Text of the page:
Archives of Toxicology

, Volume 78, Issue 6, pp 309–315 | Cite as

Role of the aryl hydrocarbon receptor and Cyp1b1 in the antiestrogenic activity of 2,3,7,8-tetrachlorodibenzo-p-dioxin

  • Kei Takemoto
  • Miki Nakajima
  • Yuto Fujiki
  • Miki Katoh
  • Frank J. Gonzalez
  • Tsuyoshi Yokoi
Molecular Toxicology


The role of aryl hydrocarbon receptor (AhR) and cytochrome P450 (Cyp) 1 family in the antiestrogenic activity of 2,3,7,8-tetrachlorodibenzo-p-dioxin (TCDD) was investigated in vivo. Immature (21 days old) AhR, Cyp1a2, or Cyp1b1 knockout (−/−) mice were treated intraperitoneally with estradiol (E2, 20 ng/mouse per day, for 14 consecutive days) and/or TCDD (200 ng/mouse per day, on days 7, 9, 11, and 13). Uterine wet weight and uterine peroxidase activity (UPA) were measured as markers of estrogen responsiveness. UPA was a better marker of estrogen responsiveness than the uterine wet weight. In AhR wild-type (+/+) mice, UPA (208.1±81.6 units/g tissue) was increased by the administration of E2 (to 297.2±178.7 units/g). The administration of TCDD significantly (p<0.01) decreased the UPA (10.5±3.4 units/g) compared with that in the control mice. Co-administration of TCDD with E2 also significantly (p<0.05) decreased the UPA (18.8±19.9 units/g) compared with that in E2-treated mice. In AhR(−/−) mice, UPA (162.9±146.7 units/g) was significantly (p<0.01) increased by the administration of E2 (486.8±108.2 units/g). In contrast to the results in AhR(+/+) mice, UPA was not affected by the administration of TCDD (51.8±70.6 units/g) compared with control, and co-administration of TCDD with E2 (545.8±189.4 units/g) compared with that in E2-treated mice. In Cyp1a2/1b1(+/+) mice, UPA was significantly (p<0.05) increased by the administration of E2 (70.0±36.4 units/g). Co-administration of TCDD with E2 significantly (p<0.05) decreased the UPA (29.6±22.2 units/g) compared with that in E2-treated mice. In Cyp1a2(−/−) mice, co-administration of TCDD with E2 significantly (p<0.01) decreased the UPA (6.8±5.1 units/g) compared with that in E2-treated mice. In Cyp1b1(−/−) mice, UPA (5.5±8.1 units/g) was significantly (p<0.05) increased by the administration of E2 (56.6±34.1 units/g). In contrast to the results in Cyp1a2/1b1(+/+) mice or Cyp1a2(−/−) mice, UPA was not affected by the co-administration of TCDD and E2 (52.6±30.1 units/g) compared with that in E2-treated mice. This is the first demonstration that Cyp1b1 as well as AhR is involved in the antiestrogenic effects of TCDD.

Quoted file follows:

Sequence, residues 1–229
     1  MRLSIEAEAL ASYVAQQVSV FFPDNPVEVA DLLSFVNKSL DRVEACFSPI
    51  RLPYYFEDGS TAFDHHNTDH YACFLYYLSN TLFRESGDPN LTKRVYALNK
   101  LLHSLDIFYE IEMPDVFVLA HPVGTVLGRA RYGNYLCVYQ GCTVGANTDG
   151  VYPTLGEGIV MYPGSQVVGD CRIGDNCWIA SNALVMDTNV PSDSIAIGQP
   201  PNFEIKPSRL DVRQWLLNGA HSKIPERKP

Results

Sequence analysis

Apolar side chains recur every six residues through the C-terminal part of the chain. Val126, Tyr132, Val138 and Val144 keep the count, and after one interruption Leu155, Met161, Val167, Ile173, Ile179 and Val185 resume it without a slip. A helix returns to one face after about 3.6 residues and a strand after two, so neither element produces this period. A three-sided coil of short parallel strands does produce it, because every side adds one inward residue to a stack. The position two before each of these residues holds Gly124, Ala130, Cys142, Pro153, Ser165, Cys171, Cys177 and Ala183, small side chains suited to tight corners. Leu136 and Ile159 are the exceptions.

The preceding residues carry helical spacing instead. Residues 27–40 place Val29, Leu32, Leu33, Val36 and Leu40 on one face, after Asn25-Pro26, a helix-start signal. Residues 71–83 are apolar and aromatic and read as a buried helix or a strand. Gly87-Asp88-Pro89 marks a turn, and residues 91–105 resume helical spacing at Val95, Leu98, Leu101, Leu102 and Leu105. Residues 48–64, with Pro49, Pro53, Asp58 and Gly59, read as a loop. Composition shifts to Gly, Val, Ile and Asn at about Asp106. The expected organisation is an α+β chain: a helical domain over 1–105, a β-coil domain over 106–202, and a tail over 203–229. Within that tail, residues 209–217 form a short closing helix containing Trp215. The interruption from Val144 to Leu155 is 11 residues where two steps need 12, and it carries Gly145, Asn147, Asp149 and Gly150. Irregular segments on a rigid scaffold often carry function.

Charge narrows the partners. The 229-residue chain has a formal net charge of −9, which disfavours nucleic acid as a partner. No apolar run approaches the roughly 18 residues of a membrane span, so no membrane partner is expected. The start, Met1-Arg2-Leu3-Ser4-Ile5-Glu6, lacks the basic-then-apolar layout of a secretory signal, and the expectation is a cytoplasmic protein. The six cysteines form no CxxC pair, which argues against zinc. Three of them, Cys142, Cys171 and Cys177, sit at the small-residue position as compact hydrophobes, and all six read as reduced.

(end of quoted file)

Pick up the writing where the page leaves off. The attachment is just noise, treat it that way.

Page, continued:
Cyp1b1 Aryl hydrocaron receptor Estrogen receptor 2,3,7,8-Tetrachlorodibenzo-p-dioxin (TCDD) Antiestrogenic activity 



We thank Mr. Brent Bell for reviewing the manuscript. The experiments in the present study complied with the current laws in Japan.


  1. Abbott BD, Schmid JE, Pitt JA, Buckalew AR, Wood CR, Hel, GA, Diliberto JJ (1999) Adverse reproductive outcomes in the transgenic Ah receptor-deficient mouse. Toxicol Appl Pharmacol 155:62–70CrossRefPubMedGoogle Scholar
  2. Aoyama T, Korzekwa K, Nagata K, Gillette J, Gelboin HV, Gonzalez FJ (1990) Estradiol metabolism by cDNA expressed human cytochrome P450s. Endocrinology 126:3101–3106PubMedGoogle Scholar
  3. Astroff B, Eldridge B, Safe S (1991) Inhibition of the 17β-estradiol-induced and constitutive expression of the cellular protooncogene c-fos by 2,3,7,8-tetrachlorodibenzo-p-dioxin (TCDD) in the female rat uterus. Toxicol Lett 56:305–315CrossRefPubMedGoogle Scholar
  4. Bradford A (1976) Rapid and sensitive method for the quantitation of microgram quantities of protein utilizing the principle of protein-dye binding. Anal Biochem 72:248–254CrossRefPubMedGoogle Scholar
  5. Brodie A (1991) Aromatase and its inhibitors—an overview. J Steroid Biochem Mol Biol 40:255–261CrossRefPubMedGoogle Scholar